Later, he found himself at the crosshairs of a major dispute within the center of political power regarding the surveillance policy of the W. Bush administration. He got caught up in it, despite his many efforts to acquiesce with the NYT editorial board and the White House (“I kept pushing for ways to get some of it into the paper. I got a little bit of it into the paper about a year later, but I don’t think anybody noticed. And so, by the time the Washington Post broke the secret prison story, I kind of felt like I had had that story but, I guess you could make the case that I didn’t, so.”) Only after his stories got systematically killed (“So, by 2004, I had gone through this process several times, and I also had stories, before the war in Iraq, about the pre-war intelligence where I talked to people who said that they were skeptical of the intelligence. And those stories had been held or killed or cut”), with some getting to be published later on in other outlets, did he decide to fight to get his stories through and later, when he became the target of judicial persecution by the Bush and Obama administrations, he fought hard to protect his sources. For Risen, he was let down by the system — but justice ultimately prevailed (in his case), and fundamentally he believes, he trusts, American institutions.

Greenwald, on the other hand, is the quintessential outsider (he has even spoken about this in interviews). Reason defined him as an “anti-establishment journalist” and that, “Central to Greenwald’s ethos is his status as an outsider”. This Guardian review of Greenwald’s No Place to Hide thusly defines him: “a smart, unyielding, fundamentalist liberal outsider”. This excellent FT profile of him says that Greenwald champions “outsider journalism”. And this was always the case, he’s not in this to make friends, as this from Out magazine makes clear: “Greenwald ran for city council in South Lake, Fla. at age 17, then again at 19: “I came to believe if you’re smart, skilled, and have the resources, you should use those things to fuck with the powerful.” He officially entered the race at age 17 but would turn 18 by the day of the vote, making his candidacy legal. “Those incumbent pigs went to court to try to get me off the ballot,” Greenwald snorts.” He trusted American institutions, as he himself has written: “while I had no interest in the fights between Democrats and Republicans, I had a basic trust in the American political system and its institutions, such that I devoted my attention and energies to preventing constitutional violations rather than political debates”. That trust was shattered by the Bush/Cheney abuses. He abandoned his career as a lawyer, came into journalism via blogging (first independently, then at Salon, finally Guardian, before launching his own outlet, The Intercept), and started to build an audience by denouncing Bush’s War on Terror and its domestic abuses. He never aspired to work for the NYT nor to be a member of the DC establishment inner circle. The WMDs lies in the run up to the invasion of Iraq was a formative experience that led him to a profound sense of betrayal and to a re-examination of what he thought US power was about. In fact, his journalistic career, as it were, begun by confronting the powerful.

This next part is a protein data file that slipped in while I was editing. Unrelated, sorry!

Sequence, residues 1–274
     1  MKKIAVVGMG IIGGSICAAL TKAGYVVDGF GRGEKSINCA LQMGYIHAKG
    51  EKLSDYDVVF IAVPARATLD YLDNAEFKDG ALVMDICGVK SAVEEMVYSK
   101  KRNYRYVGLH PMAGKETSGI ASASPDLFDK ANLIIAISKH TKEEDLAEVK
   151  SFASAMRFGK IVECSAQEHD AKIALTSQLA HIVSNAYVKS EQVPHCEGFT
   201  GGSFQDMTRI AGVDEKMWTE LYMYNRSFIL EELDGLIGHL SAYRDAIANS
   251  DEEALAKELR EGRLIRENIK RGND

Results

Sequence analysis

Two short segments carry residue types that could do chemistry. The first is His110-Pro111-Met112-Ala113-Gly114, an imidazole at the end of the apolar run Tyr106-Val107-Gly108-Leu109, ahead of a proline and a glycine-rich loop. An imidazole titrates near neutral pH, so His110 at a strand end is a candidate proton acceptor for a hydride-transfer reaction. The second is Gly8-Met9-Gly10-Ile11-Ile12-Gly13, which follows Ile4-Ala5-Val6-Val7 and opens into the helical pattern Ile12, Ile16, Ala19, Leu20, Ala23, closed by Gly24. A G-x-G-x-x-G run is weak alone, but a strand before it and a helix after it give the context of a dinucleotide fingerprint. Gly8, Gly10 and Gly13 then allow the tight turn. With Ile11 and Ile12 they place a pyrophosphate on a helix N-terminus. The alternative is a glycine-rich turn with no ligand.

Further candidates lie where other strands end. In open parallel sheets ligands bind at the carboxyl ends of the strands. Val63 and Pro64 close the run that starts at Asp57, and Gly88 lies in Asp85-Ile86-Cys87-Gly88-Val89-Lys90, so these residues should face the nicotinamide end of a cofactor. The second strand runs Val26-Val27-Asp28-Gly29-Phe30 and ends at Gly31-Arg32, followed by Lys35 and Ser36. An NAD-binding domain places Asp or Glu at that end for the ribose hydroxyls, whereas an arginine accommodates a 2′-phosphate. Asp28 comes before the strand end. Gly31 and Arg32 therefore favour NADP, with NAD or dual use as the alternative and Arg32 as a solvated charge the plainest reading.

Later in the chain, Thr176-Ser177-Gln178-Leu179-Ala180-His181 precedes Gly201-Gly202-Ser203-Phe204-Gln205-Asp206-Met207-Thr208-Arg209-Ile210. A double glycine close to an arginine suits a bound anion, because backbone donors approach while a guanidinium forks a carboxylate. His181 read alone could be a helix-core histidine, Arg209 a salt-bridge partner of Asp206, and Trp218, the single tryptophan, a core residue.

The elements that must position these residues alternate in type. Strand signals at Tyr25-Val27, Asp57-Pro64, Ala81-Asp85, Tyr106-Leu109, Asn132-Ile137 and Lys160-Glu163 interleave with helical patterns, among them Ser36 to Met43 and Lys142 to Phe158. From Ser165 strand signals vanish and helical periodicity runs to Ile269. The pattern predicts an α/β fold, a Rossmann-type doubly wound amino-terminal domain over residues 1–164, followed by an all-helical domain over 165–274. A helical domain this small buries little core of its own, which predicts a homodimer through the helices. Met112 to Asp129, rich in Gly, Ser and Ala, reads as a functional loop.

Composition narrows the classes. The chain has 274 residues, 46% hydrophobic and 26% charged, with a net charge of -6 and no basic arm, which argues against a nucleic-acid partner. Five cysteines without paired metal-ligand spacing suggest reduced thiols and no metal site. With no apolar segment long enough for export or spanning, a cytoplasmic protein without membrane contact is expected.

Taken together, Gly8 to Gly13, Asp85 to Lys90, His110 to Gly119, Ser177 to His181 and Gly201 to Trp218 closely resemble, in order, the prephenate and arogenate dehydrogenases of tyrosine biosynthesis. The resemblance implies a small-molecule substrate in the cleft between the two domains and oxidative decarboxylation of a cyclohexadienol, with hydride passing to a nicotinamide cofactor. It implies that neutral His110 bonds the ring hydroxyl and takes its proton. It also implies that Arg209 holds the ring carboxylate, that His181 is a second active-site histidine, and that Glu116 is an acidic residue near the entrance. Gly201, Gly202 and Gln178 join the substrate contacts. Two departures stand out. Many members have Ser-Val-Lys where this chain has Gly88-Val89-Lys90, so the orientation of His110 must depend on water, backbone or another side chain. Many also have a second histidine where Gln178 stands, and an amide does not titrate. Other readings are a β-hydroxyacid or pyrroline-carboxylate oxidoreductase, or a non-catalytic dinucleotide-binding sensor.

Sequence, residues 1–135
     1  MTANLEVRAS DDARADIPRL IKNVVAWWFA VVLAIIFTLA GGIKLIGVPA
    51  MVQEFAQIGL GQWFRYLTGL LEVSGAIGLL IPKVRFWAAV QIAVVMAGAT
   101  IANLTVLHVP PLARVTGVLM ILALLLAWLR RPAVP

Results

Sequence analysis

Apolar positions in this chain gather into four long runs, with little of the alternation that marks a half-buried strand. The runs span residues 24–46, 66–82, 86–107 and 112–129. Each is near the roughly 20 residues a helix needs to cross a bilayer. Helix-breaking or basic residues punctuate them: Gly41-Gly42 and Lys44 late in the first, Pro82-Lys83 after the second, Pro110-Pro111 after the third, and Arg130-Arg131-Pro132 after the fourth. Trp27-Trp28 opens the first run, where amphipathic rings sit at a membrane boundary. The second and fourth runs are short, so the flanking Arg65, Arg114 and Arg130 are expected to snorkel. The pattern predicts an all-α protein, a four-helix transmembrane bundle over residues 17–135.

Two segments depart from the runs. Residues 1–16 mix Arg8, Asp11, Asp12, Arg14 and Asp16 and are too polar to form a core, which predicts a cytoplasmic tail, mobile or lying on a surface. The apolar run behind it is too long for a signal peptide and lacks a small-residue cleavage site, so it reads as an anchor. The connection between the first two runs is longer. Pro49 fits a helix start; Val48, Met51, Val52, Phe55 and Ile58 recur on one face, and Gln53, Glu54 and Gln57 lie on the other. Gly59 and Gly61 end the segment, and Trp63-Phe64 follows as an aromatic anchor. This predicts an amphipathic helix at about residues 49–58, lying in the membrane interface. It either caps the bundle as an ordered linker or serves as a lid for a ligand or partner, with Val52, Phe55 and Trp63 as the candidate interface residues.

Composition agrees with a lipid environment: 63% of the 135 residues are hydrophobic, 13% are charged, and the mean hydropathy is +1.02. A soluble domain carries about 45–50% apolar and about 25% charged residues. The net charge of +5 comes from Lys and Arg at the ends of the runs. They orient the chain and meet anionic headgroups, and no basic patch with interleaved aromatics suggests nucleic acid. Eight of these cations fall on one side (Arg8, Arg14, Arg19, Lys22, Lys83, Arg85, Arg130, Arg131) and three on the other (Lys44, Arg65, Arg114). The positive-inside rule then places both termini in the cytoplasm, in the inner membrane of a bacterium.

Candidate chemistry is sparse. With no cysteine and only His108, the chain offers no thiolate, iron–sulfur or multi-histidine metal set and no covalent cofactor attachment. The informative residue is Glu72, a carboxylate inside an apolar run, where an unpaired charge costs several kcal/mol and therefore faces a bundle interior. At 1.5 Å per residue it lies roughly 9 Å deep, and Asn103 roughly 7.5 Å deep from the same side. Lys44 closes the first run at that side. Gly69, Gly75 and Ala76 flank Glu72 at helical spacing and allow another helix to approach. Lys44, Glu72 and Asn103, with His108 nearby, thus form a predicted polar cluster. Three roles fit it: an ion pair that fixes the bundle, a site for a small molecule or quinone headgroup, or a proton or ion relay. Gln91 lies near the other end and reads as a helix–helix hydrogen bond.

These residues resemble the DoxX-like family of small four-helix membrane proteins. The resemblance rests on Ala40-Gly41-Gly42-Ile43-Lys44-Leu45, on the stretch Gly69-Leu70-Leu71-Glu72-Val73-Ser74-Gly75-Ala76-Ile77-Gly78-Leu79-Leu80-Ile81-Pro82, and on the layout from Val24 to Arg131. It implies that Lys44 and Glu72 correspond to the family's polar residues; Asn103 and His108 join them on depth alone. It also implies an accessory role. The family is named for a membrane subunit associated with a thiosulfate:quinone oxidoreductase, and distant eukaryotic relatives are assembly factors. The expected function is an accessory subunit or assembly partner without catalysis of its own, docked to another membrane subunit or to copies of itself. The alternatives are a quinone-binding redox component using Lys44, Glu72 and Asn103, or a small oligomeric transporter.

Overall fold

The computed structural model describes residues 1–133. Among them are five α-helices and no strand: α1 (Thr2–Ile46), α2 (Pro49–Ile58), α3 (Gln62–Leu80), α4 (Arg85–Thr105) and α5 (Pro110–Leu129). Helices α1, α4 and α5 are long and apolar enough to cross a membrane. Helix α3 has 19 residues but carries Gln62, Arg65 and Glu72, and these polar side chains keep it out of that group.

So, all this is a preamble to come to my conclusion: Russiagate is a proxy through which one reveals their attitude towards U.S. institutions. If you BELIEVE in the fundamental goodness of US regime (or system or whatever you want to call the network of institutions of economic and political power that rule American society), you tend to be a Russiagater, as it explains away the election of Trump as an exogenous problem, as something of an outlier that is not rooted in structural aspects of American society. If you DISTRUST the US regime, then you’re more likely to be a Skeptic, because you understand that Trump is a symptom of essentially internal, structural problems of American society, and that Trump personifies a range of problems that are sufficiently explained by endogenous factors.

Research Associate & PhD candidate at Freie Universität Berlin’s Governance in Areas of Limited Statehood